fitness levels. The logistics are simple because the fees, scheduling and marketing strategy are identical, no matter how you decide to specialize the programming. Setting up a successful boot camp program involves four basic steps:
1. Determine the boot camp schedule.
2. Set pricing and compensation strategy.
3. Market within and outside
4. Measure success.
I have found that boot camps in which participants meet three times each week for 6 weeks work best. A
6-week camp allows the participants enough time to see results and develop good habits, and enables the facility to keep the camp rate affordable.
The same economies of scale that worked for buddy training are magnified for boot camp programming. For example, a boot camp with 15 participants paying $149 each generates $2,235 in revenue. If the boot camp is 6 weeks long and meets three times each week, then that breaks down to $124 revenue generated each hour. In this example, WAC makes $62 more than their one-on-one hourly rate.
At WAC, boot camp trainers are compensated at 50% of the revenue generated.
In short, the rate for trainers is double or triple their one-on-one revenue per hour, which makes them happy and helps WAC with retention issues. The best part is, the participants are paying just $8.27 per session. You are able to reach members who would never have considered paying the one-on-one rate. Now that’s what leveraging the economies of scale is all about!
Promoting your boot camp within your facility is a snap because you already have a focused pool of potential participants under one roof—your members. Get the word out through fliers, banners and your newsletter. After you get your boot camps up and running, you can use participant testimonials and success stories to further promote the program.
Most important, make sure your camp is conducted where members can see it. Nothing creates interest more than being able to see a vibrant program full of happy people in motion. And don’t forget to measure results! At the boot camps I have conducted at WAC and through my own company, Five Star Fitness, results are guaranteed! On the first day and the last day of each camp we test each participant in a mile run/walk and push-ups. Providing the participant attends 15 of the 18 sessions, I guarantee they will improve their results or their money is refunded in full. After more than 20 camps, I have yet to refund one person!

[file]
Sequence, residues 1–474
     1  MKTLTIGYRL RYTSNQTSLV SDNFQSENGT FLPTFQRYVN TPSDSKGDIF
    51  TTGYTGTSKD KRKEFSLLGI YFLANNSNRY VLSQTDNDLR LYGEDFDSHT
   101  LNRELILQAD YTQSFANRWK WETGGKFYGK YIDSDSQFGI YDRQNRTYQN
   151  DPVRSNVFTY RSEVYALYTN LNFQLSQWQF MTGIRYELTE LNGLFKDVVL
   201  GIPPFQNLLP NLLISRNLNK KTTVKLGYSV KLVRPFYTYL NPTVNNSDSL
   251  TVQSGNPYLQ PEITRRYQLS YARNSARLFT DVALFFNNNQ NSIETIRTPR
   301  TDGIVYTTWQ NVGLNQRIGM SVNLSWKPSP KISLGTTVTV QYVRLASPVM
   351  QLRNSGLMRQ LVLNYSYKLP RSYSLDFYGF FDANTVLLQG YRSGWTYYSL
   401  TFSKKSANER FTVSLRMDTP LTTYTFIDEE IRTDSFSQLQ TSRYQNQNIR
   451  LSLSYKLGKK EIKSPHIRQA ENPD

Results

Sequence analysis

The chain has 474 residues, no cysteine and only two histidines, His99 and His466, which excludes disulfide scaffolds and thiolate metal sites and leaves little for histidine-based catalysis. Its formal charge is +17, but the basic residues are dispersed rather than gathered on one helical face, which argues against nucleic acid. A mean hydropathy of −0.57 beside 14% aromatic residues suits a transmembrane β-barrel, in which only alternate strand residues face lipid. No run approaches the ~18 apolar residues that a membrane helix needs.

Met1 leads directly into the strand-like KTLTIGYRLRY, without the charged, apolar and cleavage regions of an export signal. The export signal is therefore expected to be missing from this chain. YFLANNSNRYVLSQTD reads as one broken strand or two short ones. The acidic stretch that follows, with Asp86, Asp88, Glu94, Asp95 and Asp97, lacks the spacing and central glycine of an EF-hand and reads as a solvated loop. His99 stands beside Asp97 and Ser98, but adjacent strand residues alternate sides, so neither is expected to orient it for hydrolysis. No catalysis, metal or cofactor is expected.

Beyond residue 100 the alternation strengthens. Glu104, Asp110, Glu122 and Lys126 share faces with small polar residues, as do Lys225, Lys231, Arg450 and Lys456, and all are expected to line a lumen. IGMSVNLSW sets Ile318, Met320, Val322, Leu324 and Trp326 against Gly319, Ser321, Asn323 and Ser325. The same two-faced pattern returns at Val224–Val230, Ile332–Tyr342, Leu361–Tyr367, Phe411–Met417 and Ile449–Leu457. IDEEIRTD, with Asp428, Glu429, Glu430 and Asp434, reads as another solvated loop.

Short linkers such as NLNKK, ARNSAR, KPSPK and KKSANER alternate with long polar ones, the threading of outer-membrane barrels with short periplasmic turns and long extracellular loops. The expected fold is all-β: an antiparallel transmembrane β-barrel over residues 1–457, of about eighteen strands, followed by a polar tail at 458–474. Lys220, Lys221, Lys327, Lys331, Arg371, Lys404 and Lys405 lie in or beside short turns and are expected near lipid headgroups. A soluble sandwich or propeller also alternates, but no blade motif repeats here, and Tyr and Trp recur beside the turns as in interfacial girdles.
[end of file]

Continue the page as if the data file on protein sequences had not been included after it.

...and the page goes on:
We all started our personal training programs with one-on-one training as the core, and individual instruction should remain a strong part of our programs. However, as facility managers we are trying to impact the lives of all members, not just the small percent of those who can spend several thousand dollars annually on one-on-one training. By creatively designing personal training programming that leverages semiprivate or larger groups of clients, we will be able to reach more members and pay our trainers more. Best of all we can significantly impact our bottom lines.
Once you get the hang of pooling members into small- or large-group training, you can take the same principles and creatively apply them to other programs. Consider marketing specialty sport clinics with a free seminar. In the January installment of this series, I outlined how implementing a seminar series can be a cost-effective way to integrate the members of your club into all levels of programming. Using an introductory seminar to kick off a 6-week clinic that meets once a week is a great way to reach triathletes, first-time marathoners, golfers and skiers. Tie the clinic’s completion to a specific race, tournament or ski trip.
Is reformer Pilates one of your offerings? If not, consider the profit potential of reaching a whole new segment of your membership. If you have added reformer Pilates to your programming, consider using the same principles by conducting semiprivate or small-group training. Although the cost of adding reformers can be steep, you will be able to generate more revenue by offering services at all price points.